China has been Africa’s largest trading partner for nine years in a row as major cooperation programmes boosted bilateral trade, official data showed.
China-Africa trade has been growing robustly since the launch of 10 major cooperation plans three years ago.
In the first half of 2018, bilateral trade rose 16 per cent year on year to 98.8 billion dollars, Qian Keming, vice minister of commerce, told a news conference.
China announced 10 major plans for China-Africa cooperation at the Johannesburg summit of the Forum on China-Africa Cooperation (FOCAC) in 2015 and many of them were targeted at economic and trade cooperation.
Qian said all of the economic and trade cooperation plans have so far been implemented and some of them have “yielded very good results.”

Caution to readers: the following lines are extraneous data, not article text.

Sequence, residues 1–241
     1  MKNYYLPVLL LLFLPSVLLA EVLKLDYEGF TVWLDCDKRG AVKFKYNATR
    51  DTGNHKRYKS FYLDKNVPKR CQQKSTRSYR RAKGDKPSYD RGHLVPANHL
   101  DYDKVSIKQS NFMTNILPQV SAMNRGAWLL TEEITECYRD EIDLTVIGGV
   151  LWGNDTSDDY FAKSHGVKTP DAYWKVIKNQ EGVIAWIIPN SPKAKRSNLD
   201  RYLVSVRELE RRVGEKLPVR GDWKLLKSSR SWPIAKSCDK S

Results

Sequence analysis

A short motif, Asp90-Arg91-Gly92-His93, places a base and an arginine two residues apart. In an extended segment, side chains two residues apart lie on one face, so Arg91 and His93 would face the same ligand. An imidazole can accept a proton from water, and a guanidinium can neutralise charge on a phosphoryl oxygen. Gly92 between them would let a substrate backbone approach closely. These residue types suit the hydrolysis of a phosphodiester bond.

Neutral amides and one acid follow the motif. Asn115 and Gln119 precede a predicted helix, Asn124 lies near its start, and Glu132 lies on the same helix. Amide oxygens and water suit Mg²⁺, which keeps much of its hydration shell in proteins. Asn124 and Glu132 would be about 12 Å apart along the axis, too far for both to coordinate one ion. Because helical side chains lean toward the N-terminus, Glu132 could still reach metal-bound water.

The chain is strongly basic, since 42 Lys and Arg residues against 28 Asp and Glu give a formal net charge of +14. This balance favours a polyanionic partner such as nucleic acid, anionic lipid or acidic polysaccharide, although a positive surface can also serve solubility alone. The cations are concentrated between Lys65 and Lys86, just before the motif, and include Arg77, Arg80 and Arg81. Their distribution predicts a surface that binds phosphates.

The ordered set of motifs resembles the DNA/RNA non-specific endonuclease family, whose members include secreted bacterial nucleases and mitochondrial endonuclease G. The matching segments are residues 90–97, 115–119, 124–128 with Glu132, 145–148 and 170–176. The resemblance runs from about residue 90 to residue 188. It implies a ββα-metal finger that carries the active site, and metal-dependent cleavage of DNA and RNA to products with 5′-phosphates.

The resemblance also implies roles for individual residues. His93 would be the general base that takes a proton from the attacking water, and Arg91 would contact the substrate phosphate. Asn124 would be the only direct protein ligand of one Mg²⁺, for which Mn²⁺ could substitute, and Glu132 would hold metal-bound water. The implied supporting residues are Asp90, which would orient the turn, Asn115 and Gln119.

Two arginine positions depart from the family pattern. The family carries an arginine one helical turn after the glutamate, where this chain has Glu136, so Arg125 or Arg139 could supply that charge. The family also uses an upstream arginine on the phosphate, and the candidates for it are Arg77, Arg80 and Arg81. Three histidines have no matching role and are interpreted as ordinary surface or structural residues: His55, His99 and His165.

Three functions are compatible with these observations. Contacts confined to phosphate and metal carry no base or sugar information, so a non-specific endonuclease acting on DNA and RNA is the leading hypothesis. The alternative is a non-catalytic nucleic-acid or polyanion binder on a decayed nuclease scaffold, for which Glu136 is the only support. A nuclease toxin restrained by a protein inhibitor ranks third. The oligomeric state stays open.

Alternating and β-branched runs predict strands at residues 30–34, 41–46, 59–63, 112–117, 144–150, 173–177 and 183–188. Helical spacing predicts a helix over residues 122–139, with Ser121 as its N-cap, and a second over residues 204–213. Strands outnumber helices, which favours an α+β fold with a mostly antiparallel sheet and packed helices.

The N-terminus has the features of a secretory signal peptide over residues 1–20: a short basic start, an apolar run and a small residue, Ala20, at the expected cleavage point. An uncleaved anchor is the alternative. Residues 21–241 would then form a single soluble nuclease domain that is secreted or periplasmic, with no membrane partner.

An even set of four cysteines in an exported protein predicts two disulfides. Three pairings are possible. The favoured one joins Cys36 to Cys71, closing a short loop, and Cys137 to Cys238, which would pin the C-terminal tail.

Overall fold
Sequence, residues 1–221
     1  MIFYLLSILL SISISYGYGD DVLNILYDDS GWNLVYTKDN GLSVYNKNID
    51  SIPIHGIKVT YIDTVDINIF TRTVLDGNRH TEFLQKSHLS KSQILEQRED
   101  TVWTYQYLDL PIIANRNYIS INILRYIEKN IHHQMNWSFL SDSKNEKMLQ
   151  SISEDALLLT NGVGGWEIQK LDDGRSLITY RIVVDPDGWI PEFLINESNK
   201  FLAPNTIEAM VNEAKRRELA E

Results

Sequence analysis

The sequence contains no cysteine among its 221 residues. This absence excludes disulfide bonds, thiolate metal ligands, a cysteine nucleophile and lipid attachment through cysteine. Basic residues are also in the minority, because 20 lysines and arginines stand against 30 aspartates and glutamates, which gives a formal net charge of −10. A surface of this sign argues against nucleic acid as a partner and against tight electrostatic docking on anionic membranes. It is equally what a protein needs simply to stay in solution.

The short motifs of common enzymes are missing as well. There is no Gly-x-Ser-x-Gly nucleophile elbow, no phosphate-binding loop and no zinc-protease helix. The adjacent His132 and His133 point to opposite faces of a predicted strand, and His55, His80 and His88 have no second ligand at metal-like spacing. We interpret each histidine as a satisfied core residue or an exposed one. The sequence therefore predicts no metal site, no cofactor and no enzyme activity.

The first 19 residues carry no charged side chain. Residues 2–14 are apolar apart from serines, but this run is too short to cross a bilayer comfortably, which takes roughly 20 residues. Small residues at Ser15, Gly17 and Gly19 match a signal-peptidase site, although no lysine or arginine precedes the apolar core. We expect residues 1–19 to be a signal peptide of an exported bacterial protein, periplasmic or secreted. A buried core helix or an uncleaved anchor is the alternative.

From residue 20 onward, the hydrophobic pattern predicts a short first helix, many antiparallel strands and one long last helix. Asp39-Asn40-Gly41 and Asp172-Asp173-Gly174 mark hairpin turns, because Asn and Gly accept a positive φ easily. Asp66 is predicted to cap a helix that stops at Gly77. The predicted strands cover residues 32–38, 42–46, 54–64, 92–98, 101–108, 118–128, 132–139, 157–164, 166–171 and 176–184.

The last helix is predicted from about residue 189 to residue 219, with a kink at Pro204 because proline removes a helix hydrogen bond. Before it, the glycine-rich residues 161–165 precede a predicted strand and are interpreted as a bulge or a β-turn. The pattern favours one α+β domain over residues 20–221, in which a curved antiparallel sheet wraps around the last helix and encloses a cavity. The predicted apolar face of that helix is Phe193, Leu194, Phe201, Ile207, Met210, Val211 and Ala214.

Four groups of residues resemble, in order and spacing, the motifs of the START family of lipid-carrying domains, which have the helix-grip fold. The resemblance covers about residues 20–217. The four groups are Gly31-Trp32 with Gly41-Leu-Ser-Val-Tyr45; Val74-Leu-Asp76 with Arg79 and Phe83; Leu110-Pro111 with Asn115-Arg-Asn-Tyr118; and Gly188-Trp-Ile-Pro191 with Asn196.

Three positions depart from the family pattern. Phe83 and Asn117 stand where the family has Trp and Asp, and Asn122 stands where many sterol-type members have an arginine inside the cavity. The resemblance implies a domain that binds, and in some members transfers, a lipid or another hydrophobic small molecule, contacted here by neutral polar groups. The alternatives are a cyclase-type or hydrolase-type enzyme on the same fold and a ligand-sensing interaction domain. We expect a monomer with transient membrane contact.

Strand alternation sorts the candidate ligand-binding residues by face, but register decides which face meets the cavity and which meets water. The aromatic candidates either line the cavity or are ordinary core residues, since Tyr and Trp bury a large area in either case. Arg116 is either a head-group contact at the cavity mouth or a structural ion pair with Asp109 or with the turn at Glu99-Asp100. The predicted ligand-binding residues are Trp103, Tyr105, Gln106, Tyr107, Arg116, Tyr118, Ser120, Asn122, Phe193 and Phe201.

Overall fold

In the past three years, China’s annual average direct investment to Africa stood at around three billion dollars, while progress was seen in industrial cooperation in sectors such as manufacturing, finance, tourism, and aviation.
According to the document, Africa’s infrastructure is seeing improvements thanks to these cooperation plans, which are expected to bring the continent 30,000-km of highways, 85-million-tonnes per year of harbour capacity.
It also showed over nine million-tonnes per day of water-cleaning capacity and about 20,000-megawatt power generating capacity, together with creating some 900,000 jobs.
The 2018 Beijing summit of FOCAC is slated for Sept. 3 and Sept. 4.
The summit will be themed “China and Africa: toward an even stronger community with a shared future through win-win cooperation.”